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2014 136” HR
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Solar is so logical, I'm reluctant to say no, but the more I consider our particular situation, the less logical it seems for us. I'm thinking 200ah of battery, charged by the alternator with a separator, will do us fine.

Before I make the final decision, I'd appreciate some opinions.

We have never camped more than 3 days in one spot.

We always choose the shadiest site we can find.

Our electrical desires are modest:

LED lighting
iPhone and camera battery charging
Hot water pot--1500w for <5 minutes/day
Microwave--?700w for <5 minutes/day
 

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2014-159 HR in CT
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...We have never camped more than 3 days in one spot.
...We always choose the shadiest site we can find.
I'm thinking the same thing... was wondering if a solar panel that is movable (ie. not on top of the van, but set up in the sun once parked) would be practical as far as size, wires needed, etc.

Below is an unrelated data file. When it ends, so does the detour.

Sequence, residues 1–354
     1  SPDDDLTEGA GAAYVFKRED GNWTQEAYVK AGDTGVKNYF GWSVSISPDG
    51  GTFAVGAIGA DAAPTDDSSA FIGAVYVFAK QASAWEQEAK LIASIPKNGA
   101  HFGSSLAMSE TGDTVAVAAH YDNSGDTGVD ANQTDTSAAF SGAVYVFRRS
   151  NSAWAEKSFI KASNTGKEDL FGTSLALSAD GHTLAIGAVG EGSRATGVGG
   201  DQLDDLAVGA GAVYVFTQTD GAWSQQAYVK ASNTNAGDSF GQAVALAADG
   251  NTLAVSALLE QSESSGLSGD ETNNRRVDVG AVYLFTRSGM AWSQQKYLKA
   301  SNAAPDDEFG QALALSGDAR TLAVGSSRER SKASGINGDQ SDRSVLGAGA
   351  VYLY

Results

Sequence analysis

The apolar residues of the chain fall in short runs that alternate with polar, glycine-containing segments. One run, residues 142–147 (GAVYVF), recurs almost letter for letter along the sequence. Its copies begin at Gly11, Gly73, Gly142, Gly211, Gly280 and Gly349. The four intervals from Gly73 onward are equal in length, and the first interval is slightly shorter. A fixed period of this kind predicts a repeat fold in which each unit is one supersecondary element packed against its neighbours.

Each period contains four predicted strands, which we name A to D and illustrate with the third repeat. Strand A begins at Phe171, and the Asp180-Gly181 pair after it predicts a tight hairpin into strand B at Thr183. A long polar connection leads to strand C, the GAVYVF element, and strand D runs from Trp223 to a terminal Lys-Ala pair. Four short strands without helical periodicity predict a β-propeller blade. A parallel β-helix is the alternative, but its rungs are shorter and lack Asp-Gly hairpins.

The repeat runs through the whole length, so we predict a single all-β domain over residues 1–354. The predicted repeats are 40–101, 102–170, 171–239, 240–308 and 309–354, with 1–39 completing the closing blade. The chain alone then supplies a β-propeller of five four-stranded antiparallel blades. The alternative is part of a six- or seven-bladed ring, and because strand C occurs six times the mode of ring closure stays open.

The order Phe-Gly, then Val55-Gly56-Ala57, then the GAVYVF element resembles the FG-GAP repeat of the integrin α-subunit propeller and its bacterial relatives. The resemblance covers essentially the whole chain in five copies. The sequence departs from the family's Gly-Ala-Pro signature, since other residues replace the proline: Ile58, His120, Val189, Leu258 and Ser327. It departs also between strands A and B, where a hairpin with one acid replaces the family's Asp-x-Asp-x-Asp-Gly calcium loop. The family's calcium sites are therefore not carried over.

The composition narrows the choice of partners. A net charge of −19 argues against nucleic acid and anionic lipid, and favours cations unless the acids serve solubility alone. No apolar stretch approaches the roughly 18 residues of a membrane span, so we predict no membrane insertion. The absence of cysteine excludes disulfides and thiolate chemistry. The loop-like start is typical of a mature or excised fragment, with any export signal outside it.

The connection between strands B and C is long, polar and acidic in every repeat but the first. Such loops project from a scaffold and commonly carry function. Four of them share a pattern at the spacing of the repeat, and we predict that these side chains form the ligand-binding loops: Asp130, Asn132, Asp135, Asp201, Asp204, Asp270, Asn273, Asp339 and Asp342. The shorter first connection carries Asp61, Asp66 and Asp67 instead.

Ed
 

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Solar is so logical, I'm reluctant to say no, but the more I consider our particular situation, the less logical it seems for us. I'm thinking 200ah of battery, charged by the alternator with a separator, will do us fine.

....cut.....
What's logical depends on your needs. I've looked at solar for my next van and can't justify it. Can't justify the cost (which has gotten lower) or the extra equipment to maintain that I won't end up needing. Plus I don't like stuff on my roof.

Besides, all our long stays (multi-days) had shore power.